In both transformational-generative grammar and I Ching divination complex terms are derived from simple ones in two ways: combination and transformation.
In current transformational-generative grammar the combinatorial operation is called “merge,” which takes two syntactic objects at a time and joins them together.
merge(eat, what) = [eat what] merge(v, [eat what]) = [v [eat what]] ...
In I Ching divination, on the other hand, individual lines are stacked on top of one another. Since this operation always increases the existing stack by one, it may as well be treated as a binary operation similar to the
push operation in programming languages.
push(⚊, ) = [⚊] push(⚋, [⚊]) = [⚍] push(⚋, [⚍]) = [☳] ...
Transformation is the operation that distinguishes transformational-generative grammar from other grammatical theories and I Ching divination from other divination methods. Moreover, in both fields the transformation procedure is triggered by properties on ground terms—namely, lexical items in linguistics and lines in divination. In linguistics the distinctive properties of lexical items are called features; similarly, we can treat properties on I Ching lines as their “features” (more on this later).
Example The functional keyword
C in some English clauses bears a transformation feature—let’s call it [attractive]—which draws other words—for example, the question word
what and the keyword
T (which by the way also bears a transformation feature)—from deeper down in the structure up to its own level, hence the inverted word order. Similarly, in I Ching divination we can assume each changing line bears a transformation feature—call it [changing]—which converts the line to its opposite gender (e.g., ䷀ with a changing first line becomes ䷫).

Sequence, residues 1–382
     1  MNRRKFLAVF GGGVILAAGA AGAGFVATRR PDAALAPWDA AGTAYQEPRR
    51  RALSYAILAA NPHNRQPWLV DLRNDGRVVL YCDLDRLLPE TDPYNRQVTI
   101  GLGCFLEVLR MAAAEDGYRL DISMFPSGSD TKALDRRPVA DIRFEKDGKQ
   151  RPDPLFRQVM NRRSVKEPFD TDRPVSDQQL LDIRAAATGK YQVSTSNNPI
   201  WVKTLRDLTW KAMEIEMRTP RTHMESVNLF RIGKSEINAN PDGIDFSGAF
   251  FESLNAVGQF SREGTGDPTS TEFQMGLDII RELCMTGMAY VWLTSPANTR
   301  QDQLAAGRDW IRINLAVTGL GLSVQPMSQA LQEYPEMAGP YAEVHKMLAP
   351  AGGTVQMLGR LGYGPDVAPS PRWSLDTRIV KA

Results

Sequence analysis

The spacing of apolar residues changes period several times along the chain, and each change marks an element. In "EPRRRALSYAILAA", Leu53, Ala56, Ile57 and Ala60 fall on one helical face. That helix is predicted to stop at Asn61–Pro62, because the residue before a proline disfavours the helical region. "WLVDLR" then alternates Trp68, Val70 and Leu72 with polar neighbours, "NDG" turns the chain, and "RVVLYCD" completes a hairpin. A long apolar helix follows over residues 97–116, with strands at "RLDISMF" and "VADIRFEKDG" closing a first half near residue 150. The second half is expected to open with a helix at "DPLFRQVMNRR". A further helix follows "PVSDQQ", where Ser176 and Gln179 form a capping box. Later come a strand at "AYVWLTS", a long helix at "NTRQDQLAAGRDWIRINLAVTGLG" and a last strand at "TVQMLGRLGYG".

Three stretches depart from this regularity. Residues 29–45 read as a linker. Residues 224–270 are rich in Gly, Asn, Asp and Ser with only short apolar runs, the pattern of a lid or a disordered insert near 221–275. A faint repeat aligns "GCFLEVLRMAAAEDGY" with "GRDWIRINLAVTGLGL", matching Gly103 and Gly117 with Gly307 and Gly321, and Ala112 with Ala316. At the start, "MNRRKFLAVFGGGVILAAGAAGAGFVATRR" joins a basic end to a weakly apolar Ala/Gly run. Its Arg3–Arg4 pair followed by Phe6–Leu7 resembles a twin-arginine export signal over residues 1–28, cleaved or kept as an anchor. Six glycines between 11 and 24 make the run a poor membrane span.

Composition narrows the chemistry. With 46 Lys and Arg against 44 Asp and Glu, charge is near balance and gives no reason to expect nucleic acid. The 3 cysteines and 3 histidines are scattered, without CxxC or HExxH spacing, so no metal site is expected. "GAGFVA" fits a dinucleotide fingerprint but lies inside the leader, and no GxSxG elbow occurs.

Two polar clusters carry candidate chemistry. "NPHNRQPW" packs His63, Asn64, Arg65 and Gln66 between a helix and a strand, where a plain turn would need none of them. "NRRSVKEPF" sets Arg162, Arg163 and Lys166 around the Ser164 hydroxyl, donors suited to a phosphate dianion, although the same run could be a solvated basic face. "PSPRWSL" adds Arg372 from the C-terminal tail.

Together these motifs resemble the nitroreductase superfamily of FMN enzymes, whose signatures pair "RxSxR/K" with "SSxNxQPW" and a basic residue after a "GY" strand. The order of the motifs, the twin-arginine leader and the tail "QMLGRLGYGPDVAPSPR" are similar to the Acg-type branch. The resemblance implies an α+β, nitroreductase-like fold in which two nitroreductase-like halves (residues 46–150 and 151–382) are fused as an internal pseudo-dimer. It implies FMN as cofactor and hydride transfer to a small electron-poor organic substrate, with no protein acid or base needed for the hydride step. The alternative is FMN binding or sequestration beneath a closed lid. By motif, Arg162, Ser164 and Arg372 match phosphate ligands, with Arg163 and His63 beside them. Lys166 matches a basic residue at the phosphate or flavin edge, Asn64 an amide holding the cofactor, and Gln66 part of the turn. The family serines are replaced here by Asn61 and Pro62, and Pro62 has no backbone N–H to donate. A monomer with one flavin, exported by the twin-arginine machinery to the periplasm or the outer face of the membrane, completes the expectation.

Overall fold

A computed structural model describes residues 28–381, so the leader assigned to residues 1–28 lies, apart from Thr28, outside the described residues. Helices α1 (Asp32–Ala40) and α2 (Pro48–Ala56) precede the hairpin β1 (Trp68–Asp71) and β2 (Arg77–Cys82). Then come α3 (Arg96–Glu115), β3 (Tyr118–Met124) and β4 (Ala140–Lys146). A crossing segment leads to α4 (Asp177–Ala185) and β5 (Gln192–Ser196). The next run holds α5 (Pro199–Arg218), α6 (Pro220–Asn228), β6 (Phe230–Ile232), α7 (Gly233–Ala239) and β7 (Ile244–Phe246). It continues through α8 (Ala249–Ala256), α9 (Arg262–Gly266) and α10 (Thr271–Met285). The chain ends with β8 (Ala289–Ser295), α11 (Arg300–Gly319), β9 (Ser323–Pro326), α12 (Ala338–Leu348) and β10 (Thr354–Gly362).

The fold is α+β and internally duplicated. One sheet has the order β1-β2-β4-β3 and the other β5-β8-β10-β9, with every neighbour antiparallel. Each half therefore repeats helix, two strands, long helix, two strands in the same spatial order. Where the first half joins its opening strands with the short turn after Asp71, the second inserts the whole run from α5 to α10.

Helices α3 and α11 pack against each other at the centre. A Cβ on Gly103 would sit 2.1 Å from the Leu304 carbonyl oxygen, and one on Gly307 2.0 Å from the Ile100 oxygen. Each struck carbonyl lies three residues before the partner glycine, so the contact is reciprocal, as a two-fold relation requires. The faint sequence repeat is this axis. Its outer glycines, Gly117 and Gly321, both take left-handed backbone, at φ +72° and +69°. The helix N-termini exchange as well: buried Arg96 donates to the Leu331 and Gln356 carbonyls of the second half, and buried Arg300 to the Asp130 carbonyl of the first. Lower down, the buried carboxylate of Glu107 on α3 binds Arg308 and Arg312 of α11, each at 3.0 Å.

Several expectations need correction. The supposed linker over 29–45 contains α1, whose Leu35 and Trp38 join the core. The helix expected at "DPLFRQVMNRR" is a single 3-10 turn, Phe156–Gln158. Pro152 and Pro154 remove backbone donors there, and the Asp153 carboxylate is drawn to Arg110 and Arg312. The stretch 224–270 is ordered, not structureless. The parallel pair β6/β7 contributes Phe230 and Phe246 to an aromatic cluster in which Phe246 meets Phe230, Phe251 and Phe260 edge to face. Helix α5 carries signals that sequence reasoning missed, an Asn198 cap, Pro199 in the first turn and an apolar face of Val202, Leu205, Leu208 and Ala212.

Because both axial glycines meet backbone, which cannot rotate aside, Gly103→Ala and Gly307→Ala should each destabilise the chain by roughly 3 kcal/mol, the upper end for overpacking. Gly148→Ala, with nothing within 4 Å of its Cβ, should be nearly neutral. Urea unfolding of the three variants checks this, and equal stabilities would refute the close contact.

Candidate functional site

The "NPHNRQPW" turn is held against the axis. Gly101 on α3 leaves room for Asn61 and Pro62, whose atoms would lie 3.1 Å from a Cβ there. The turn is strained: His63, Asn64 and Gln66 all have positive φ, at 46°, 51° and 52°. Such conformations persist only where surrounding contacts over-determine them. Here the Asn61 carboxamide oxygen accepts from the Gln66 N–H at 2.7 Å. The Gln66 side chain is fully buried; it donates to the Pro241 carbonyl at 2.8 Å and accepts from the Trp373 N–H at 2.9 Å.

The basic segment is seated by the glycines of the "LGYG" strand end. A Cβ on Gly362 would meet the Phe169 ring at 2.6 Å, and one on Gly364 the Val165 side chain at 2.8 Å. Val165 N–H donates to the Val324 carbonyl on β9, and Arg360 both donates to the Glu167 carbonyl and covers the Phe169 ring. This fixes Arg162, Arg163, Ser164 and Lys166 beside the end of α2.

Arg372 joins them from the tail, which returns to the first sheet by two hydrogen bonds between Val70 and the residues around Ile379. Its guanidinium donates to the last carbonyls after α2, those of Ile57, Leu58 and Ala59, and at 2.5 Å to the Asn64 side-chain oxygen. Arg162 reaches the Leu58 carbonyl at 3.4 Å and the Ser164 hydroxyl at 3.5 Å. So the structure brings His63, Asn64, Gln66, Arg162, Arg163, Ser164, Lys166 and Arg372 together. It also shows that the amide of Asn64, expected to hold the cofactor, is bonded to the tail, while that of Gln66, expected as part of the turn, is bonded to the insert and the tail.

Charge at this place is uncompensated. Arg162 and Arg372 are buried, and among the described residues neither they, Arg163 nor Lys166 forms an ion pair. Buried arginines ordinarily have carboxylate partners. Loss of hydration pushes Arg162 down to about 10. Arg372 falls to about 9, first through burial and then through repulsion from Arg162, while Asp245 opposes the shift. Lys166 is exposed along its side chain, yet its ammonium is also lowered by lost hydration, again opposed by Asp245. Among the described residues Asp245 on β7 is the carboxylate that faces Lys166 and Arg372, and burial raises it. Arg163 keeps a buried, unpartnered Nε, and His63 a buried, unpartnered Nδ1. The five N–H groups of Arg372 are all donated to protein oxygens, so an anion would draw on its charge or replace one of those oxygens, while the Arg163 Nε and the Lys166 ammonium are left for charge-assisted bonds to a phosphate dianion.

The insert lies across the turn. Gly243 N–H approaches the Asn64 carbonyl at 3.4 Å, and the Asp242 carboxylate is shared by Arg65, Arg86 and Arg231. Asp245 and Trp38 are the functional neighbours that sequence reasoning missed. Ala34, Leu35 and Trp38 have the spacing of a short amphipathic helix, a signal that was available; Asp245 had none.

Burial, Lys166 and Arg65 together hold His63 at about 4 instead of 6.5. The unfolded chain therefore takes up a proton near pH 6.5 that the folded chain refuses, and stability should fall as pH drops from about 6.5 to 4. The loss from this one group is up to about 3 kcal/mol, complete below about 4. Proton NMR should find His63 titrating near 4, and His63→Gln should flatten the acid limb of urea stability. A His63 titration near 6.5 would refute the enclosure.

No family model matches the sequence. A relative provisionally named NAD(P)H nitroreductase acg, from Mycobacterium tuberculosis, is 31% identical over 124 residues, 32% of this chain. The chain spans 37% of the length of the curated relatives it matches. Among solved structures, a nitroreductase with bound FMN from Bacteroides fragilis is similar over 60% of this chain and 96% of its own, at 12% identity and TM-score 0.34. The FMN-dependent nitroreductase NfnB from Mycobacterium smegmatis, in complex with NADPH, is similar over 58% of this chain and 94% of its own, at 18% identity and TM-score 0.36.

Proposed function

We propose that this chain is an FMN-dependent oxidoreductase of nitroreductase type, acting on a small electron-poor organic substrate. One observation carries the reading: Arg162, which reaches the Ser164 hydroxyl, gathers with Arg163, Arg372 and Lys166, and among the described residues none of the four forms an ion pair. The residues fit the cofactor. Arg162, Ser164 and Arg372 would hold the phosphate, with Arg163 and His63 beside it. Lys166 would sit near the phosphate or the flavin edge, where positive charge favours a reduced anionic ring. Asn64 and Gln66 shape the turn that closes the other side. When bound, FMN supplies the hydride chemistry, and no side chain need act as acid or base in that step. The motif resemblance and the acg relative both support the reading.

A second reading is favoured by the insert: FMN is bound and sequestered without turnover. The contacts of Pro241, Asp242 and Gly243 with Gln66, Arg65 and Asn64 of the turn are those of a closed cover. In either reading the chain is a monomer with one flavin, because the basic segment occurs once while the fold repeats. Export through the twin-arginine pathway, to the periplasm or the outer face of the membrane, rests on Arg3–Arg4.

Both transformational-generative grammar and I Ching divination make heavy use of categories, and the categorial disciplines of the two systems have a number of similarities, two of which came to my mind immediately when I was preparing for the article, respectively regarding category formation and decomposition.
Example Every natural language word belongs to at least one category; for example, dog is typically a noun and run a verb. Every I Ching symbol (hexagram, trigram, or line) defines a category of patterns or situations in the world; for example, the above-mentioned ䷀ (ch’ien ‘the Creative’ 乾) represents those highly powerful and creative situations (as it consists of purely yang energy).
Categories in both generative grammar and I Ching divination can be given a binary tree organization, where a broadest category is divided again and again into increasingly detailed subcategories. This in a sense reveals how an entire category inventory can be formed from scratch. I have presented the tree of I Ching categories in Part 2. Below I put it next to a similar tree of syntactic categories adapted from a paper by my PhD supervisors (I use the big circle on top to represent the initial, undivided category space).
I guess the parallelism above isn’t that exciting a discovery, because binary division is probably just how category formation works in the human mind in general, so it’s no wonder that the same pattern shows up again and again in different domains of knowledge imagined by humans.
Another parallelism between the categorial discipline of transformational-generative grammar and that of I Ching divination, which I find more special, concerns the intrinsic meanings of trigrams. I first mentioned this in Part 3: the eight trigrams in the I Ching have been associated with numerous meanings in numerous categories, but none of the specialized meanings of a trigram is a perfect candidate as its semantic core.
Example While the “lake” and “openness” meanings of ☱ tui (兌) are conceptually related (a lake is an open area), neither is related to its “third daughter” meaning.